National Maternity Hospital relocation plan on hold as Ministers express doubts

Ministers seek assurances that all legal healthcare services will be available amid fears over religious ethos

Government plans to approve the relocation of the National Maternity Hospital (NMH) have been put on hold after Ministers expressed unhappiness at the process and sought further time to consider it.

Minister for Health Stephen Donnelly brought a memo to Cabinet yesterday regarding the proposed move from Holles Street in Dublin 2 to a site on the St Vincent’s Hospital campus in Dublin 4.

However, some Ministers pushed back and complained that they felt the approval of the decision was being rushed.

Fine Gael Ministers, including Minister for Social Protection Heather Humphreys, Minister for Justice Helen McEntee and Minister of State for Transport Hildegarde Naughton, as well as Green Party Minister Catherine Martin, sought assurances from Mr Donnelly that all legal healthcare services would be available at the hospital.

The project has been mired in controversy for years over concerns about governance and State ownership and also after critics voiced concerns about the influence of Catholic ethos in the new hospital. The Religious Sisters of Charity last week transferred their shareholding in the company that owns the land to a charitable trust, which will then lease it to the State for 299 years.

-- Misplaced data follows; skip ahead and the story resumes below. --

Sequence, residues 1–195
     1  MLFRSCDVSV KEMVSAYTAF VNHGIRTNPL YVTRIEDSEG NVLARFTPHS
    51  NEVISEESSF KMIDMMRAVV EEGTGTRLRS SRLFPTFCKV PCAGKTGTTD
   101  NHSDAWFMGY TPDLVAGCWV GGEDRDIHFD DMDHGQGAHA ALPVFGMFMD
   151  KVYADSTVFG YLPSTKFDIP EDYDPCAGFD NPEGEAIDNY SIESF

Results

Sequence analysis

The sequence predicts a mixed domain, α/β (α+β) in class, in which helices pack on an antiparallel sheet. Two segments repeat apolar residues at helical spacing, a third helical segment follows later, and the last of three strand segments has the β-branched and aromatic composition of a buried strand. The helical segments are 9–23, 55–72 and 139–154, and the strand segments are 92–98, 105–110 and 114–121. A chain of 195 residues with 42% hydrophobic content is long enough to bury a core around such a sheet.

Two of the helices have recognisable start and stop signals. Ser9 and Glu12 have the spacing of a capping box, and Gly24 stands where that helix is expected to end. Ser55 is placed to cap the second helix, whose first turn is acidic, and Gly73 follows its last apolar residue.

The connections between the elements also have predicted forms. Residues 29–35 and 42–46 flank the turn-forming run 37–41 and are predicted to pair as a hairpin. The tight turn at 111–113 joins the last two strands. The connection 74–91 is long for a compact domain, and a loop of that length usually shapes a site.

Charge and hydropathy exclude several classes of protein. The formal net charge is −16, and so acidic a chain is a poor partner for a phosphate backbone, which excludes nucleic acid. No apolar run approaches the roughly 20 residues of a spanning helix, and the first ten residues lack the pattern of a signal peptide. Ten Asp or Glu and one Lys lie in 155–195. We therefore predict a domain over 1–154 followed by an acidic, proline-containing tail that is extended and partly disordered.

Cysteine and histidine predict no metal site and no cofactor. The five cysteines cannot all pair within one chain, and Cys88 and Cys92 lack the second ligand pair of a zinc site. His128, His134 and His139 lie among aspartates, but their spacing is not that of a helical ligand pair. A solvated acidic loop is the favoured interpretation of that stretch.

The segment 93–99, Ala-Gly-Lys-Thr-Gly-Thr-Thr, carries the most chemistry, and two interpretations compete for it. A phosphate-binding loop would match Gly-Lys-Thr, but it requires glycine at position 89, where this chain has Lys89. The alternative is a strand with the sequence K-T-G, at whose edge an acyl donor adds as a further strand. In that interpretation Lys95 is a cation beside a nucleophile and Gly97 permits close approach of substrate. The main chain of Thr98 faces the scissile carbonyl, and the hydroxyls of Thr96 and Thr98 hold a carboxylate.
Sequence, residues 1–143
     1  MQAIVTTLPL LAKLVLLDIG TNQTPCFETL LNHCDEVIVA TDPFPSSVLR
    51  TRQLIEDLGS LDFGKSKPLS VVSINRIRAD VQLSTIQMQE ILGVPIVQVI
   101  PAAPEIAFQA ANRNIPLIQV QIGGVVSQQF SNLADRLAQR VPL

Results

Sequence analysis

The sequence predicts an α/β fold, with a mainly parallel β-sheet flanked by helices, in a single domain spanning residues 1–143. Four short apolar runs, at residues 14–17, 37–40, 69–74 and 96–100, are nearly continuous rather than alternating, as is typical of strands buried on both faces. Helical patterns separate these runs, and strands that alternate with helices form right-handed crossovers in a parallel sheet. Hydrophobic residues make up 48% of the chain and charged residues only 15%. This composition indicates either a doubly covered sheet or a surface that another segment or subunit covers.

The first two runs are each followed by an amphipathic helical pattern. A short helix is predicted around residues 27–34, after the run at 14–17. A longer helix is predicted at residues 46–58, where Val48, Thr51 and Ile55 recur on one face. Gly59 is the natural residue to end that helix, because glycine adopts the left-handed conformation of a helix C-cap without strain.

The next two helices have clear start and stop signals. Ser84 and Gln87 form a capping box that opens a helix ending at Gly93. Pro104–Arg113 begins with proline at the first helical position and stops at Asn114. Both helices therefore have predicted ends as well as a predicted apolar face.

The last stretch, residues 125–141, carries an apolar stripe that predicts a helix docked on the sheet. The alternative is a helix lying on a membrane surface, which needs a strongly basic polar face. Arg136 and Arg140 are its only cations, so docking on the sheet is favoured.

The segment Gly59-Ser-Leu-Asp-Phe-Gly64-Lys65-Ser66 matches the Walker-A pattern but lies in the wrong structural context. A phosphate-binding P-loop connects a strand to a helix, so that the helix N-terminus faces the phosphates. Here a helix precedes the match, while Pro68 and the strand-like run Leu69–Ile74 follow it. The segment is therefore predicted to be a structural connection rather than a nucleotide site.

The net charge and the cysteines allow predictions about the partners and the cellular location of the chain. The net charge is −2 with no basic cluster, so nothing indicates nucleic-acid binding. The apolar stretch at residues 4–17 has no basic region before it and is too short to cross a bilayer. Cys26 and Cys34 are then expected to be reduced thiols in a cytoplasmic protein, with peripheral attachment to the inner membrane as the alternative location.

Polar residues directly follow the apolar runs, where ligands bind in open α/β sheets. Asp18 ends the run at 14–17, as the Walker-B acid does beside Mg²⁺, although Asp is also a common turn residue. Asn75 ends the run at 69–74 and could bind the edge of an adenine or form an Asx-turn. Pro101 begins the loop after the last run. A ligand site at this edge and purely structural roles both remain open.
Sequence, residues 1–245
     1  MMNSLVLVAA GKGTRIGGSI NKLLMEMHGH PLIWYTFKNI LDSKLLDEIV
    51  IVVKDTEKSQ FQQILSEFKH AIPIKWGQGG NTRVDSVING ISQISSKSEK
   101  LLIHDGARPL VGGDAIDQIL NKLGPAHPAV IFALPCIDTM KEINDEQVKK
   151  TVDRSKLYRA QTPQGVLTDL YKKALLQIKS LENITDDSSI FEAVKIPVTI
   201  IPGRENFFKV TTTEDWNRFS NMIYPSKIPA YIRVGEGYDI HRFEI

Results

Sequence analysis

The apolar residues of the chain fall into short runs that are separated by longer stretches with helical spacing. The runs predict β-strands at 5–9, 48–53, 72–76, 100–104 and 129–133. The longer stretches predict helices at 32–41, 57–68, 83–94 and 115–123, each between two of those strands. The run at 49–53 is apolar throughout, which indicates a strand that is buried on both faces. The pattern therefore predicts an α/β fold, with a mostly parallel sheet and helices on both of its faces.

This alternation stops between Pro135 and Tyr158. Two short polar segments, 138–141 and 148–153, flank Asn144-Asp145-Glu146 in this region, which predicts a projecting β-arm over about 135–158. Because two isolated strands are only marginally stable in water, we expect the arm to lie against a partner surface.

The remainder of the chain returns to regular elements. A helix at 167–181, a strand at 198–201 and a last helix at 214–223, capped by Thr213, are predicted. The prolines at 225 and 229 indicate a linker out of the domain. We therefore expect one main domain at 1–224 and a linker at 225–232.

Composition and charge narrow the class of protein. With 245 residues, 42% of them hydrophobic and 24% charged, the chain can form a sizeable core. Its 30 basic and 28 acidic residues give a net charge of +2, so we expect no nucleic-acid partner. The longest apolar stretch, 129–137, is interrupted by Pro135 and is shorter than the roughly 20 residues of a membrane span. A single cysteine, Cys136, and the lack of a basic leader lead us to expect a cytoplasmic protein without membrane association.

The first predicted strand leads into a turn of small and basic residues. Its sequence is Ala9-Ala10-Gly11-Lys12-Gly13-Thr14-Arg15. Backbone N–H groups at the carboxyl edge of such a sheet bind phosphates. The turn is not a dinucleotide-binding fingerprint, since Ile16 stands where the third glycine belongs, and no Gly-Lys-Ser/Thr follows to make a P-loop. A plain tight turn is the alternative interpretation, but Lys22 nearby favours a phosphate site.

It is understood that Ms Martin told Cabinet colleagues that she felt the arrangement was being rushed and raised concerns about the framework protecting the State’s investment in the hospital. Sources said Ms McEntee told colleagues there could have been greater advance communication on the issue.

The Attorney General is understood to have expressed satisfaction with the proposals while senior Government figures believe there is “misinformation” that they want to see tackled before the memo comes back before Cabinet in around two weeks.

Mr Donnelly said last night that it was agreed that the Oireachtas and members of the public “would be best served by seeing the details before a final decision is made by Government”. He said the documents relating to the move would be published.

A spokeswoman for St Vincent’s Holdings said that “bespoke governance arrangements protects the clinical, operational and financial independence of the new maternity hospital which will have its own separate service arrangement with the HSE”.

It has also emerged that the Lord Mayor of Dublin, Alison Gilliland, who is on the executive committee of the NMH, last week privately expressed concerns about religious ethos.

In a letter to the NMH board’s co-location committee, obtained by The Irish Times through freedom of information requests, Ms Gilliland wrote that she continued to have reservations about whether all gynaecological procedures would be provided at the hospital. She also suggested changes to legal documents but was told by officials that these had already been agreed during a previous meeting.

Her concerns come after two members of the HSE board, Prof Deirdre Madden and Dr Sarah McLoughlin, dissented from a decision to approve the legal documents.

Furthermore, Green Party TDs Neasa Hourigan and Patrick Costello were among dozens of party members who wrote to the party’s Ministers to “implore” them to block the proposed moved.

Opposition politicians yesterday called on the Government to delay approval of the move before an Oireachtas debate on the matter.